• fprintf(outbox, "%s: %d\n", "mst3k", 2501); writes mst3k: 2501 and a newline to FILE *outbox. Like snprintf, this gives a lot of power (along with corresponding complexity).

Reading from a file

  • size_t got = fread(buffer, sizeof(char), 4096, inbox); reads up to 4096 char-sized values from FILE *inbox into buffer, and returns the number of char-sized values read (which is often less than 4096 if inbox did not have that many characters).

    This does not work well for stdin as the inbox parameter, as you don’t generally know how many characters the user will type. fgets is better for most user interactions.

  • char *line = fgets(buffer, 4096, inbox); reads one line of text from FILE *inbox, or 4096 characters, whichever is less. It returns buffer on success and NULL on failure. The returned string includes the newline, as e.g. "mst3k\n"

    This works well for stdin as the inbox parameter, as users generally type one line at a time.

Handling file permissions, etc

In general, the files we write are owned by our user id and no one else can read or write to them. For this lab, we want others to be able to write their messages to our mailboxes, so we’ll need to change permissions on the files we create.

  • chmod("/p/cso1/mailbox/", 0666); sets the permissions for based on a bit-vector of flags 0666, specified in octal (hence the leading 0):

    • The three octal digits define permissions (in written order) for the owner, group, and others.
    • If we consider the value of one octal digit in binary (e.g. change 06 to 1102), the bits mean may-read, may-write, and may-not-execute, in order. (A 1 means the permission is granted, a 0 means it is not granted).
    • We want the files used in the chat to be writeable by any user, so 0666 is a reasonable permission set.
  • truncate("/p/cso1/mailbox/", 0); truncates the file so its new size is 0 bytes. This is useful in re-setting a chat file after the user has read its contents.

Testing tips

You can manually check for the existance and permissions of a file in the terminal by running

ls -l /p/cso1/mailbox/

Note that many bugs end up creating the wrong file name; the following will list all files in the directory with the newest file last

ls -ltr /p/cso1/mailbox/

You can force-add a message to a mailbox by appending some text directly to a file in the terminal. You can do that with the echo program and having bash redirect output so that it is appended to the file by running

echo "This is a message" >> /p/cso1/mailbox/
chmod 666 /p/cso1/mailbox/

You can read all messages in the terminal by using the less program to display the contents of the file. less works similarly to vim, so type q to exit the program. Open the mailbox file by running

less /p/cso1/mailbox/

You may also want to just print out the contents of a mailbox file directly to the terminal. You can do this with the cat command by running

cat /p/cso1/mailbox/

NOTE: These can be useful in testing different aspects of your program independently. But don’t mess with other student’s mailboxes in this way without their permission.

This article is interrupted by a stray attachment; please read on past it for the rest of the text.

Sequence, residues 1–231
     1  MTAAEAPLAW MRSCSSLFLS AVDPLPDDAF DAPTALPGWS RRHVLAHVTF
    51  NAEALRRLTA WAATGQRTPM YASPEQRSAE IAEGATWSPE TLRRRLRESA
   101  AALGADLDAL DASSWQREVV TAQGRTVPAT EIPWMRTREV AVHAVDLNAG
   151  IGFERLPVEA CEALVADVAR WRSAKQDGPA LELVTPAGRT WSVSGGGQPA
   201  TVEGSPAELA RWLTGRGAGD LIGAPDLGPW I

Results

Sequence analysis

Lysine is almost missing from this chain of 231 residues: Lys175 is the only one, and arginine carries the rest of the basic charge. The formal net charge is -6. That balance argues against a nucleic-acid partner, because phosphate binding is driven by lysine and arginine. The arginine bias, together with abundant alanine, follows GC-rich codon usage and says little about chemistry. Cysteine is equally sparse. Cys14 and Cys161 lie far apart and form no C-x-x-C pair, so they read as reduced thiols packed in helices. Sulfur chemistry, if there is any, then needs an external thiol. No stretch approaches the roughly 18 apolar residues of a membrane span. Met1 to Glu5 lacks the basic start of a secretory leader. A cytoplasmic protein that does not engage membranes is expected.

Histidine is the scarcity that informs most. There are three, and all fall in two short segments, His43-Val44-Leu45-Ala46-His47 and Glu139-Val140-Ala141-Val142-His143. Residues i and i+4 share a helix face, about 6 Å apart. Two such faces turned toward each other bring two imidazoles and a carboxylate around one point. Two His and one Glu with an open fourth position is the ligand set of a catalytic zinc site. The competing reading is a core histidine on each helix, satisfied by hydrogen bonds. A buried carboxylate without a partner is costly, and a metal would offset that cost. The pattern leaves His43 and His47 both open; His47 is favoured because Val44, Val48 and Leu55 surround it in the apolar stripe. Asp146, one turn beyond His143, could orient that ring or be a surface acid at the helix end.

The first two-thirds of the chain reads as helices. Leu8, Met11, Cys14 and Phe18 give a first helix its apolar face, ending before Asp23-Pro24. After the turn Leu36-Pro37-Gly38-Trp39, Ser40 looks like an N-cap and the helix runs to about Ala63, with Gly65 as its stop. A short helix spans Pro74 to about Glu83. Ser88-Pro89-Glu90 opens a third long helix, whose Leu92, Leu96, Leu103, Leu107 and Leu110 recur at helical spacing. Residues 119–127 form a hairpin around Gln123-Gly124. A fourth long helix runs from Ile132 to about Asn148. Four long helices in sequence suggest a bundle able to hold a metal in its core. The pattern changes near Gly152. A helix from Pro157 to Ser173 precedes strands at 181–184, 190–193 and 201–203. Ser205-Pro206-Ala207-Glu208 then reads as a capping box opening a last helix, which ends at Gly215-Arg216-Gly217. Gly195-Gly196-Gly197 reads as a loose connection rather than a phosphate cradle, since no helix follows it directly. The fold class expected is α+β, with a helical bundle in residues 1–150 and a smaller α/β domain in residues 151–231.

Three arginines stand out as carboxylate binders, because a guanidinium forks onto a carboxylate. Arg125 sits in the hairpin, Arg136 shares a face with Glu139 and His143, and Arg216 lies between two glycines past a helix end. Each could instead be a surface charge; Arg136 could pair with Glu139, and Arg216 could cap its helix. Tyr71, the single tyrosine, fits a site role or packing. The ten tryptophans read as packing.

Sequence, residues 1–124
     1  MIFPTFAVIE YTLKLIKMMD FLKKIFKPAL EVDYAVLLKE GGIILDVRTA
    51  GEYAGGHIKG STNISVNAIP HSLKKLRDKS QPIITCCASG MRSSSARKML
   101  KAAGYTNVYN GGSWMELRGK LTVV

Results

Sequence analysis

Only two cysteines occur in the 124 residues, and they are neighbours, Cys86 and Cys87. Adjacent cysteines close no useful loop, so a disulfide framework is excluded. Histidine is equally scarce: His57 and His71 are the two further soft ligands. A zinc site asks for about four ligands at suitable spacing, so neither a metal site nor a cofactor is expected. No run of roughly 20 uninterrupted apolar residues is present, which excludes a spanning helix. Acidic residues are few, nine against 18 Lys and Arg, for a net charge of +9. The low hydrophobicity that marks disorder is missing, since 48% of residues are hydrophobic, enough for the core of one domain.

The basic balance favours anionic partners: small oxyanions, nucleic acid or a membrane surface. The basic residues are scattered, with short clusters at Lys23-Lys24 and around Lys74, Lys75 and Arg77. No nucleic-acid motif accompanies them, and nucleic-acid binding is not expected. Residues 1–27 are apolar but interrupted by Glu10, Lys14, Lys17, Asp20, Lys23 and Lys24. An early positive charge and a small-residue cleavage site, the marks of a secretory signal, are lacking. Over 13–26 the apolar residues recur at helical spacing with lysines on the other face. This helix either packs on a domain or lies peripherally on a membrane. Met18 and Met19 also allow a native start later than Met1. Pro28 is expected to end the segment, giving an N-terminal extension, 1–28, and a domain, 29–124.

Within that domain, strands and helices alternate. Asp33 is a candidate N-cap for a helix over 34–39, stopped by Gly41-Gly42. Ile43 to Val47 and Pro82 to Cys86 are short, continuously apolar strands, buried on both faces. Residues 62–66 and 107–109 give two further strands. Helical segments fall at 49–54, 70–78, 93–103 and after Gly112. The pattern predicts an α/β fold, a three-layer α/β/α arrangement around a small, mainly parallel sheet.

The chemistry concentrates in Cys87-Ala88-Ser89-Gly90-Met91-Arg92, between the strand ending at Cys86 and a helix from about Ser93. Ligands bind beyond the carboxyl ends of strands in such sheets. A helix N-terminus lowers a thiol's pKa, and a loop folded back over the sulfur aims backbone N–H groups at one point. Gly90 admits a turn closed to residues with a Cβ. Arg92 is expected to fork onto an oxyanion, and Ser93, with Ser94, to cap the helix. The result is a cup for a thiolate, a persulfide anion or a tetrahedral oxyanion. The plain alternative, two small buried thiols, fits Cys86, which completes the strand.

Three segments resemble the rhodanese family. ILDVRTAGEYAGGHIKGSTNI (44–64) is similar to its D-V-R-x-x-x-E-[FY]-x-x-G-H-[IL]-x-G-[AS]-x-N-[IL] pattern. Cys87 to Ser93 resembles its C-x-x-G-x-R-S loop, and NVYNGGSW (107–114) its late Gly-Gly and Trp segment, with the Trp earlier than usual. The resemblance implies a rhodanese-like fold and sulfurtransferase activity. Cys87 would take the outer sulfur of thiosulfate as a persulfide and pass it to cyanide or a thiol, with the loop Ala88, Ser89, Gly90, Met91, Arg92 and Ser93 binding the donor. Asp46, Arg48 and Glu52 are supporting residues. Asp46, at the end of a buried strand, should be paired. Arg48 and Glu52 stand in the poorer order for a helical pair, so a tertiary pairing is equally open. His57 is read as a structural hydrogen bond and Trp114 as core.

If you try to read from a non-existent file, open a file in a non-existent directory, or access a file for which you do not have permissions, the functions you use will fail (and set errno).

Example run

The following shows an example of how a pair of students, aa1a and tj0uva might chat with one another. In this example, the program gives some additional information, such as displaying if they have no messages and displaying a prompt for what they are asking of the user. What the user types is shown like this.

User aa1a doesUser tj0uva does
$ ./a.out
You have no new messages
Who would you like to message?
What do you want to say?
Hello, is this working?
$ ./a.out
Your messages:
aa1a: Hello, is this working?
Who would you like to message?
What do you want to say?
Yes, works well!
$ ./a.out
You have no new messages
Who would you like to message?
What do you want to say?
How are you, by the way?
$ ./a.out
Your messages:
tj0uva: Yes, works well!
tj0uva: How are you, by the way?
Who would you like to message?

The Big Picture

Here are some high-level notes and hints for the ideal implementation:

  1. Use getenv to figure out the name of the user running the program. Don’t hard-code it or ask them.
  2. After showing the user their messages, truncate their mailbox file (empty it)
  3. Ask the user for who they want to message and their message to send
    1. If the user does not type an ID when asked, don’t ask for a message afterwards.
  4. Append the message to the recipient’s mailbox. Don’t erase the file first.
    1. Prepend the current user’s ID and a ": " to each message you put in a mailbox so the recipient can see who wrote it.
  5. chmod each file you touch to be 0666 so that others can work with it too.

The following flowchart may also be useful:

Flowchart diagram of fchat

Check-off with a TA

To check-off this lab, show a TA

  • Your currently implemented file chat program. Your program should be able to do the basics:
    • read and display the current user’s messages
    • prompt the user for a computing id and a message, then append that to the other user’s mailbox file
  • Note: you must show the TA your code, compiling your code, and then running it on the portal (providing the basic functionality above) for full credit.
    • The TA may ask you to run your code multiple times to see the full functionality of your program, such as running with no messages, messaging yourself, messaging another computing id, etc. Please follow their instructions to check off your program for full credit.

Copyright © 2023 John Hott, portions Luther Tychonievich.
Released under the CC-BY-NC-SA 4.0 license.